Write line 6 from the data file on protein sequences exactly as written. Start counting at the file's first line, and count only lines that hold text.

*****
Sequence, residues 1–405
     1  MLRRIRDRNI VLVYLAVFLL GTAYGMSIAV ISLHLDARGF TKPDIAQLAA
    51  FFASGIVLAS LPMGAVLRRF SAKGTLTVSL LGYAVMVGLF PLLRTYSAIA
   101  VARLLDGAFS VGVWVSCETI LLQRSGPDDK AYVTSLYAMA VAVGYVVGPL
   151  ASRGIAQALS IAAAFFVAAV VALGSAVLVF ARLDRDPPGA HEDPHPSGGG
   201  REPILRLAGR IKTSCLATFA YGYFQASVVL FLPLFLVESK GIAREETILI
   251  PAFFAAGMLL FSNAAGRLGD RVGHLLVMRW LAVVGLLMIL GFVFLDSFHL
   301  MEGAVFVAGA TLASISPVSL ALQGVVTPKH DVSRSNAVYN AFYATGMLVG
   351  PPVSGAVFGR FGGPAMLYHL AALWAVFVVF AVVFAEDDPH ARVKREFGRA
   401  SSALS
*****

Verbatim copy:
   201  REPILRLAGR IKTSCLATFA YGYFQASVVL FLPLFLVESK GIAREETILI